Bomber posed as model online to dupe men into terrorism

A lone-wolf dissident bomber who posed as a Swedish model to entrap men into taking part in her terrorist campaign has been branded “dangerous and cunning” by police.

Bomber posed as model online to dupe men into terrorism

Christine Connor, aged 31, was jailed for 16 years and four months at Belfast Crown Court yesterday after pleading guilty to a number of terrorist offences, including the attempted murder of a police officer in the city.

Connor twice attacked officers with blast bombs in May 2013 after tricking them into responding to fake 999 calls in North Belfast. Nobody was seriously injured.

In one of the calls, she pretended to be a victim of domestic violence. When officers responded, she threw two blast bombs at them. One of the bombs landed at an officer’s feet.

Connor, from Mill Valley in North Belfast, had enlisted the help of an English man she had befriended online — using a false identity and photographs — to source and purchase explosives and ship them to her.

The PSNI said the region was a safer place with Connor behind bars.

Det Supt Richard Campbell, from the PSNI’s Serious Crime Branch, described her as “a dangerous woman who exploited others to further her own twisted ideologies”.

“She was very cunning and duped a number of men through fake profile images on social media to become involved in her terrorist aspirations.

“She used online photographs of Swedish model, fashion designer and blogger Sanne Alexandra Andersson without her knowledge or consent. These bore no resemblance to Christine.”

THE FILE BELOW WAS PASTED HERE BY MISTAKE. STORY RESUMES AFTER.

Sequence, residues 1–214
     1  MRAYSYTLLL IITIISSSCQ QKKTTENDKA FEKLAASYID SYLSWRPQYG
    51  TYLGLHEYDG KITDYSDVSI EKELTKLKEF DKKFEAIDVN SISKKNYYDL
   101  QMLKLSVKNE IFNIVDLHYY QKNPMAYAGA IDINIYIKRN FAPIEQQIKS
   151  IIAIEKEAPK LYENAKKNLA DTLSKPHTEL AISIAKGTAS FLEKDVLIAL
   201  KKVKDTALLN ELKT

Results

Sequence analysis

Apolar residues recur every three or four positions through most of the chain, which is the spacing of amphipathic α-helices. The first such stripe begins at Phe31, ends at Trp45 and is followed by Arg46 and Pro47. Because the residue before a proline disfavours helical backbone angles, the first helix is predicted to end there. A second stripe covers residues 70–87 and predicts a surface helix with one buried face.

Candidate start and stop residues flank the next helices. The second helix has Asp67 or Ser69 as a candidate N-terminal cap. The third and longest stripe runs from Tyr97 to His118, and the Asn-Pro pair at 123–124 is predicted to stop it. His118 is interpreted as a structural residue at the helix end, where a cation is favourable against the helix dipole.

Co-accused Stuart Downes, aged 31, from Meole Brace in Shrewsbury, had been befriended by Connor online.

Police believe he played a key part in the attacks on officers by sourcing and purchasing the explosives and then shipping them to her. Mr Downes took his own life before he was due to stand trial in June last year.

Judge David McFarland described Mr Downes as a “pitiful, troubled and vulnerable young man”.

“Why he became involved with you is a mystery,” he said to Connor.

“You attempted to indoctrinate Mr Downes with your views of Irish history.

“It’s within your power to manipulate others. You are committed to a violent philosophy to achieve political objectives. You have shown little remorse. I find you dangerous.”

Police revealed that Connor had also enticed an American man, Zachary Gevelinger, online. Mr Gevelinger was arrested and questioned by officers after he visited Connor while she was on remand in Hydebank Prison in July 2013.

Police found correspondence from him to Connor in her house, as well as cheques he had sent her.

Mr Gevelinger took his own life in May this year.

Connor was sentenced to 16 years and four months in prison for a number of terror offences, including the attempted murder of a police officer.

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